How dare a museum provide a venue for "Joe Schmoe" to engage in art dialog! Apparently, museum patrons are a necessary evil that art professionals must merely tolerate in the course of their "interesting" lives. Museums, or at least those with podcast feeds that Green subscribes to, need to keep the great unwashed masses (with such lowbrow tastes that they might actually experience a sense of wonder at trompe-l'œil) from wasting the time of those with more sophisticated art perspectives - the ones who are up to "cool things." You've got to admire his unadulterated disdain for the plebs - Roger Kimball would be proud.

Recent Reads/Micro-Reviews

We wanted to mention a few books we read in the past month or so. These micro-reviews may be useless, but for what it's worth:

John Dewey and the Lessons of Art by Philip W. Jackson - Decent enough, but a little on the art education side of things for our taste.

Prescribing the Life of the Mind by Charles W. Anderson - A political philosopher thinking through the purpose of liberal education, and along with it, the university. The cultivation of what he calls "practical reason" is ultimately the aim for both. Practical reason is largely a re-working of pragmatism - "...thinking need not be shown to be irrefutably true to be considered rational. It just has to be shown to be better than the evident alternatives in pursuing some particular human purpose."

Philosophy Americana: Making Philosophy at Home in American Culture by Douglas R. Anderson - An outstanding book, not only for its content (which is engaging mind you), but especially for its approach. Anderson broadens the range of philosophy without dumbing it down. He writes about Dewey and James, but also Tammy Wynette and Hank Williams. It's good stuff, especially the material about Thomas Davidson's education/learning as "world building."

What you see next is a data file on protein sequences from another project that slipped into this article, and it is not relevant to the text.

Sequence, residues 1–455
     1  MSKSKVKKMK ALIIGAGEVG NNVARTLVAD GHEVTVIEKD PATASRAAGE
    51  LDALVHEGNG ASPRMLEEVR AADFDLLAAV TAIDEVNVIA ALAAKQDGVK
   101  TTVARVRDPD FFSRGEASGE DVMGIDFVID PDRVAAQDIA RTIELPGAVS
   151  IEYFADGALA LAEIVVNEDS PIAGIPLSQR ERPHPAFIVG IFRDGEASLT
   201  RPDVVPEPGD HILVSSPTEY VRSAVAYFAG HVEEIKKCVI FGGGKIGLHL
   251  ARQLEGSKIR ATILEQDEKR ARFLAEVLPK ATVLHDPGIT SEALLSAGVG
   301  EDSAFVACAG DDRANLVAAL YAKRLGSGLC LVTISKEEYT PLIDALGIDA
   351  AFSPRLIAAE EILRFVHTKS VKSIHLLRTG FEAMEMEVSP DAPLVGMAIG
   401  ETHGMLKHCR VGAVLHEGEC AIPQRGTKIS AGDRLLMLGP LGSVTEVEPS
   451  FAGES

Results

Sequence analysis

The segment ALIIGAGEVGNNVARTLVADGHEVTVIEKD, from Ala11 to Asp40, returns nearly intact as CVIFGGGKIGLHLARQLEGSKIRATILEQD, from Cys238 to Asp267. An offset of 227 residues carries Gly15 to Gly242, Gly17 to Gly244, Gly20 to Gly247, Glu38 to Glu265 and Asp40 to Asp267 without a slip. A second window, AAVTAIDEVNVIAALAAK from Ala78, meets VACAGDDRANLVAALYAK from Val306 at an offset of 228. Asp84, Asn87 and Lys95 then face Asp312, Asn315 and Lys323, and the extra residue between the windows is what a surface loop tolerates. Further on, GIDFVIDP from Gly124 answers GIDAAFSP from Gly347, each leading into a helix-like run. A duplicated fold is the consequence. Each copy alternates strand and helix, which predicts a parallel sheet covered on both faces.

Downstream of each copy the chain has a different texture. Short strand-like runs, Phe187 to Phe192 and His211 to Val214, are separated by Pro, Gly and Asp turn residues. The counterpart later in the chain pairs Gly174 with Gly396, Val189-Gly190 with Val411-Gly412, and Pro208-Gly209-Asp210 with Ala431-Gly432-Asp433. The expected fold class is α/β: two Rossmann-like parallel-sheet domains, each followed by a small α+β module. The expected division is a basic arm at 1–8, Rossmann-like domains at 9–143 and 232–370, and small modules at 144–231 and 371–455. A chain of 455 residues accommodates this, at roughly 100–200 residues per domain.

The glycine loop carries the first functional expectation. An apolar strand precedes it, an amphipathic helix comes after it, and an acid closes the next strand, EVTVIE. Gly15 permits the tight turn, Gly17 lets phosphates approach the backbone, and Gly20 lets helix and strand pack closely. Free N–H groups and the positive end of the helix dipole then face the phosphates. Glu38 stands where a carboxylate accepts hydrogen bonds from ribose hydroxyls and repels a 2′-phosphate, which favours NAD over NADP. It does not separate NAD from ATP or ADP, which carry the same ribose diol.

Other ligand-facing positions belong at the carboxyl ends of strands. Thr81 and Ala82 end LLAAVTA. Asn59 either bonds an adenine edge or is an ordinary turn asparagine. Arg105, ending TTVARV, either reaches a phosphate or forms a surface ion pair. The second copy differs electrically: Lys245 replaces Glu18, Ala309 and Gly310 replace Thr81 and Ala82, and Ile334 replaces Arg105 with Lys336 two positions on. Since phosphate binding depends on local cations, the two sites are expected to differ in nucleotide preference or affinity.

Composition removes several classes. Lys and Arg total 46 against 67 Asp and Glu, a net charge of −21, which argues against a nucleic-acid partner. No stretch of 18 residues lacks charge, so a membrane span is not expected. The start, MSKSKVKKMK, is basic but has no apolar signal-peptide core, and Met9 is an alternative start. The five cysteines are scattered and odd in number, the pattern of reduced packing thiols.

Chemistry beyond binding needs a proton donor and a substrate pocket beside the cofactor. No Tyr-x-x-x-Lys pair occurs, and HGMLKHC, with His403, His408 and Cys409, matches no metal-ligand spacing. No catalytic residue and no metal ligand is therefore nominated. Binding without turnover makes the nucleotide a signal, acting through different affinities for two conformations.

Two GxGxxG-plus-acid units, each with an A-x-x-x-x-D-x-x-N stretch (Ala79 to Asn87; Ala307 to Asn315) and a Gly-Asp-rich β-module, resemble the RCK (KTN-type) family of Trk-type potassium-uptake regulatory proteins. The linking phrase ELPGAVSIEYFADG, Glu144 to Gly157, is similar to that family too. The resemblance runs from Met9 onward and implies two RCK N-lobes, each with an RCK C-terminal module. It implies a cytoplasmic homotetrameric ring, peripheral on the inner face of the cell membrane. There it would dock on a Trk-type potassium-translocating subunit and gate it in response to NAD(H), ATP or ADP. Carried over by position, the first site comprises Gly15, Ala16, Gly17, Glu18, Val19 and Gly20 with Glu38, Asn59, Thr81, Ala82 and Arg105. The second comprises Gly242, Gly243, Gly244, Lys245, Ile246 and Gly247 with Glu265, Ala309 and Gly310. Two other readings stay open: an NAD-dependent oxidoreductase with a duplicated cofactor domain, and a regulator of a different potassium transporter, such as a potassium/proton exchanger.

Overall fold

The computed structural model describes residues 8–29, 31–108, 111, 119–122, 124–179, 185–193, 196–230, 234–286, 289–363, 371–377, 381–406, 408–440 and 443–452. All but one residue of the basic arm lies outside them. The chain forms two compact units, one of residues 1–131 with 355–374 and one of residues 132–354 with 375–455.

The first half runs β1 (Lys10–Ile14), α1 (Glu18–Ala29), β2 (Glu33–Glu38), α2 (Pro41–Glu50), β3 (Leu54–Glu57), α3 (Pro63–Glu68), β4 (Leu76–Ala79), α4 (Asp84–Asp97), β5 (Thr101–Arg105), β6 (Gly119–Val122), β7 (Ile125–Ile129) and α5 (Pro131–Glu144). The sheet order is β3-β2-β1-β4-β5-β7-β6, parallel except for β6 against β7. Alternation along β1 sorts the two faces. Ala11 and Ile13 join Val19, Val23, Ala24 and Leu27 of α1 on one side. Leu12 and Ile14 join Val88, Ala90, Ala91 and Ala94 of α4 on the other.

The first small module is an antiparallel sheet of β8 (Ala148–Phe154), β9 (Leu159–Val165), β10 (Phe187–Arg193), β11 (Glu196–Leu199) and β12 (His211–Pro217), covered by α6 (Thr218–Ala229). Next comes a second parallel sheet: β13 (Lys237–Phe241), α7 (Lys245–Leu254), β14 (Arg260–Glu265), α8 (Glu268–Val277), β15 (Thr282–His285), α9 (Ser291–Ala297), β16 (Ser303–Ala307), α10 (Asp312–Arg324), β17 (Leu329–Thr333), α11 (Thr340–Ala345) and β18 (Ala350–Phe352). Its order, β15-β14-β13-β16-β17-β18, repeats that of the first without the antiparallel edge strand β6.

John Dewey's Theory of Art, Experience & Nature: The Horizons of Feeling by Thomas M. Alexander - A solid philosophical book. To be honest, it was exactly the sort of technical, tightly argued and subtle book that we usually avoid. Highly academic (in both the laudatory and pejorative sense), but if you enjoy that sort of thing read it all the way through. If not, skip to the last chapter "The Art of Experience" to see why Nicolas Bourriaud's Relational Aesthetics is much ado about nothing in our opinion and about 60 years late.

Karaoke Nights: An Ethnographic Rhapsody by Rob Drew - Henry Jenkins characterized this book as a rare "academic page turner." We couldn't agree more. If you hate karaoke or look down on it, read the book to see if you might be persuaded to reconsider. If you love karaoke, read the book to see a smart ethnographic analysis of the culture of U.S. karaoke.

Shusterman - The "linguistic turn" - Guattari

This post (Guattari on Postmodernism) from Larval Subjects, which we discovered via Metastable Equilibrium, had us looking back through Richard Shusterman's Pragmatist Aesthetics to find this quote which seems to resonate nicely with Guattari's own suspicions regarding the linguistic turn in theory/philosophy:

...[the linguistic turn] has come to seem more like a sophistic paradox about talking without language than a deep truth about human experience and the world. Surely, once we have to talk about something, even merely to affirm or deny its existence, we must bring it into the game of language, give it a linguistic visa or some conceptual-textual identity, even if the visa be one of alien or inferior linguistic status like "inexpressible tingle" or "non-discursive image." But this only means that we can never talk (or explicitly think) about things existing without their being somehow linguistically mediated; it does not mean that we can never experience them non-linguistically or that they cannot exist for us meaningfully but not in language.